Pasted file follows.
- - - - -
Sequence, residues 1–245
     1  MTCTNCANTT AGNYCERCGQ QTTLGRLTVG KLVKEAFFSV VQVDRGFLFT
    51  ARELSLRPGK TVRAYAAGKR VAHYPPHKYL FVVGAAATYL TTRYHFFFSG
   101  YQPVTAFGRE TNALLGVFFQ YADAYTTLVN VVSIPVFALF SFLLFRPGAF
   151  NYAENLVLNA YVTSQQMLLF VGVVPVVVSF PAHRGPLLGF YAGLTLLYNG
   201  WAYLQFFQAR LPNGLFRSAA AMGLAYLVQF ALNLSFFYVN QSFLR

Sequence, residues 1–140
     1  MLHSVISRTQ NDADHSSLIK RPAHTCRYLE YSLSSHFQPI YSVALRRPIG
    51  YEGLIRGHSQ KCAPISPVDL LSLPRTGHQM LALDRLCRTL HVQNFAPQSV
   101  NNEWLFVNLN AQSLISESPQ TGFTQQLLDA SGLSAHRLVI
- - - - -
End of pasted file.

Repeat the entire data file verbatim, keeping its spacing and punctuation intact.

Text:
Sequence, residues 1–245
     1  MTCTNCANTT AGNYCERCGQ QTTLGRLTVG KLVKEAFFSV VQVDRGFLFT
    51  ARELSLRPGK TVRAYAAGKR VAHYPPHKYL FVVGAAATYL TTRYHFFFSG
   101  YQPVTAFGRE TNALLGVFFQ YADAYTTLVN VVSIPVFALF SFLLFRPGAF
   151  NYAENLVLNA YVTSQQMLLF VGVVPVVVSF PAHRGPLLGF YAGLTLLYNG
   201  WAYLQFFQAR LPNGLFRSAA AMGLAYLVQF ALNLSFFYVN QSFLR

Sequence, residues 1–140
     1  MLHSVISRTQ NDADHSSLIK RPAHTCRYLE YSLSSHFQPI YSVALRRPIG
    51  YEGLIRGHSQ KCAPISPVDL LSLPRTGHQM LALDRLCRTL HVQNFAPQSV
   101  NNEWLFVNLN AQSLISESPQ TGFTQQLLDA SGLSAHRLVI